Dutch architect Janjaap Ruijssenaars wants to be the first person to "print" a building.
Considering that plenty of building-like structures have been 3-D printed already, Ruijssenaars will have a tough time making it into the record books with his claim. Nonetheless, he’s enlisted the help of the godfather of structural 3-D printing: Enrico Dini. Dini is the inventor of the D-Shape printer, a massive printer that uses a special binder to fuse shapes out of sand.
The BBC reports that Ruijssenaars plans to use the D-Shape to construct his Landscape House as part of the Europan design competition. His design is based on a Möbius strip, the mathematically curious surface that only has one side. In a bit of a forced spatial metaphor, Ruijssenaars has designed a triangle-shaped home where each room is distinguished from the next by a twist in the looping building envelope. Scheduled for a 2014 completion, the house will be located on a Europan-provided site in Ireland. "The location on the coast is so beautiful that we want the design to reflect the nature," Ruijssenaars says. "Landscapes are endless and our question was whether we can design a home that has no beginning and no end."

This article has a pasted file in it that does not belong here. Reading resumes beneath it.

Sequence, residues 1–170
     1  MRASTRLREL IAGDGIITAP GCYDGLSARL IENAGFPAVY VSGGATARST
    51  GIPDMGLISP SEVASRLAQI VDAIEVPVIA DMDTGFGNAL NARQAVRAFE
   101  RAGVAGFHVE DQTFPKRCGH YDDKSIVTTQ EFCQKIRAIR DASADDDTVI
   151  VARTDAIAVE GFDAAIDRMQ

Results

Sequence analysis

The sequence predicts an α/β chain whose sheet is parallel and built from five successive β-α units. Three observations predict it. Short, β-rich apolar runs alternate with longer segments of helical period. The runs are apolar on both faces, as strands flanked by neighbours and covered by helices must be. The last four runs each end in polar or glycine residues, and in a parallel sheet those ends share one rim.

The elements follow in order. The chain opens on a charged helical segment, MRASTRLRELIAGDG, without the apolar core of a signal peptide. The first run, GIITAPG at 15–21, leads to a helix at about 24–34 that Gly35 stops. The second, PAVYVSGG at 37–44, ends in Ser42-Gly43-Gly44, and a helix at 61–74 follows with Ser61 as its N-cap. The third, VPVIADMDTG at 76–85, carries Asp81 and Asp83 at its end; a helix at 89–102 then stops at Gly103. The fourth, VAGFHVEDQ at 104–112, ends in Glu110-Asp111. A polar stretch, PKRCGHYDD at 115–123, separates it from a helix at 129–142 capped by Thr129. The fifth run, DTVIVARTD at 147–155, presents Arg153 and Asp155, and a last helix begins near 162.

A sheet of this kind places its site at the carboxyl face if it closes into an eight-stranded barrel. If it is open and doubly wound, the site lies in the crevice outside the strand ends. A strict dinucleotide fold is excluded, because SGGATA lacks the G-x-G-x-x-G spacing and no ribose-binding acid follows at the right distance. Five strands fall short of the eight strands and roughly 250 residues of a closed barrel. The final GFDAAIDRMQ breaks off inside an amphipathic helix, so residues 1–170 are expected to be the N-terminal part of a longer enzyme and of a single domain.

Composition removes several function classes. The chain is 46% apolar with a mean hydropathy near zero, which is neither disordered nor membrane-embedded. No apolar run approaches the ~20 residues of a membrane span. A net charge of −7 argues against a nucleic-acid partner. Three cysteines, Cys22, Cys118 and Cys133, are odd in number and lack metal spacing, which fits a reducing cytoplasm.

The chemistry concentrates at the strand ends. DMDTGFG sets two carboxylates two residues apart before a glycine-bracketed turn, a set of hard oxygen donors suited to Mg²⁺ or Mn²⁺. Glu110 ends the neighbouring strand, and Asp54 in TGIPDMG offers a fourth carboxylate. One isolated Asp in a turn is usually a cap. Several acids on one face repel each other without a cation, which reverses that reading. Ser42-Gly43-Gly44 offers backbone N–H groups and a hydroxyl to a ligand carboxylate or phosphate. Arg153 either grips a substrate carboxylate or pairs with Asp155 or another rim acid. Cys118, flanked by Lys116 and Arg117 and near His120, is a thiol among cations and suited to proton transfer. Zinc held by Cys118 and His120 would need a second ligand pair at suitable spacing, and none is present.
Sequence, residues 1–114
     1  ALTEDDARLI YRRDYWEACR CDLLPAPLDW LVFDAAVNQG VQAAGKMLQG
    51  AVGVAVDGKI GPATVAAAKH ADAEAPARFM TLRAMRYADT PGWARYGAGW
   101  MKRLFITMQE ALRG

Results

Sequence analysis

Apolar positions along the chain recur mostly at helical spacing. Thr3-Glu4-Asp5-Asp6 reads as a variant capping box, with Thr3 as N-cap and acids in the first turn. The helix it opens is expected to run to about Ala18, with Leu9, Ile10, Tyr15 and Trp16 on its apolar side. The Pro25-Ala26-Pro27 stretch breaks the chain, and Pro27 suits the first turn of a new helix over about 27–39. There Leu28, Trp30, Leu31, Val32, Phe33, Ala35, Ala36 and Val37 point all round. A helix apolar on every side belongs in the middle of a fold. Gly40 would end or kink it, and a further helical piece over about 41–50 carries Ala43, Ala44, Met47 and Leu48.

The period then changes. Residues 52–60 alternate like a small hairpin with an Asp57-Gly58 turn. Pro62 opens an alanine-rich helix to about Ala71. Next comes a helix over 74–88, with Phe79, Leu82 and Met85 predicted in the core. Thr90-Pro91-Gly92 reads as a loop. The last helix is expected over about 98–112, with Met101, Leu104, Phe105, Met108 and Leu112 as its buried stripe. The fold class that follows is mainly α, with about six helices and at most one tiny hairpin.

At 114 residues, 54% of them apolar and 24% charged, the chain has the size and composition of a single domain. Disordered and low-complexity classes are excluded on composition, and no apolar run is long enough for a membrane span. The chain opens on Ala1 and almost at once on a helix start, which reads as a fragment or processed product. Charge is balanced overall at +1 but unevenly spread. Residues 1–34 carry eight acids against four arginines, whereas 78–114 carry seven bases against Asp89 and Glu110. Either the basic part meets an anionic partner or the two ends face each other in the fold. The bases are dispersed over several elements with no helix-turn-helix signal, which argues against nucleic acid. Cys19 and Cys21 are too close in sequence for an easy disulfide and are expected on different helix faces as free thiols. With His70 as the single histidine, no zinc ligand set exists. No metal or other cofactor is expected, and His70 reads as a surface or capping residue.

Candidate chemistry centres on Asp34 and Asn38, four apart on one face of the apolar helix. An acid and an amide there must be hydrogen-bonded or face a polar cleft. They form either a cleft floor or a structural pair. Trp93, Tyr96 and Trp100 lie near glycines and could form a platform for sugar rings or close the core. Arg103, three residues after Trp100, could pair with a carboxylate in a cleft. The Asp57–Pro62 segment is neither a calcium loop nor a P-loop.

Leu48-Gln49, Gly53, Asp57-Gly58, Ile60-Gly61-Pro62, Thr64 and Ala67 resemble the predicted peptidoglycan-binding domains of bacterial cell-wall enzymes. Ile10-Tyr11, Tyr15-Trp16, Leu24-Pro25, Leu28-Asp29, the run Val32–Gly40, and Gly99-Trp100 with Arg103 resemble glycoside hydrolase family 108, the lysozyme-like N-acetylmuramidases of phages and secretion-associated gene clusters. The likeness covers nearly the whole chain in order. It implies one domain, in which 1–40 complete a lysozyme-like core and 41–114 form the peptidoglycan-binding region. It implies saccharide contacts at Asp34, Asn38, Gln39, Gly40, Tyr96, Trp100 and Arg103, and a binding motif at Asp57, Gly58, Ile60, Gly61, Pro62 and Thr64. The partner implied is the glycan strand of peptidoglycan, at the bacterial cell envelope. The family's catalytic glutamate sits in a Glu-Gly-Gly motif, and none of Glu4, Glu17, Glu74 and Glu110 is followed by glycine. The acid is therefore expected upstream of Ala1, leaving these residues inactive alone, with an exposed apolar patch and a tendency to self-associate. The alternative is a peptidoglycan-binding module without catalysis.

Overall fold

The structure’s ceiling and floor plates will be printed in 6-x-9–foot chunks on the D-Shape printer. Each piece will be printed hollow and filled with fiber-reinforced concrete that will make it strong enough to hold weight, which makes it sound like Ruijssenaars is just building a very expensive traditional concrete formwork. Ruijssenaars argues that it differs from a conventional concrete building in the sense that his formwork is a permanent part of the structure. "In traditional construction, you have to make a mold of wood and you fill it with concrete and then you take out the wood. It’s a waste of time and energy," he said. The team estimates that the process will take about a year and cost around $6 million.
If you’re wondering whether it would be cheaper and stronger to just build this structure out of poured concrete, the answer is yes and yes. It’s exciting to see architects diving headlong into an emerging technology, but is nabbing the title "the first 3-D printed home" more important than building an economically or structurally rational piece of architecture? Gimmick or not, it’ll be exciting to see what comes of the project over the next year, especially since it means we’ll get to see the D-Shape in action at a large scale.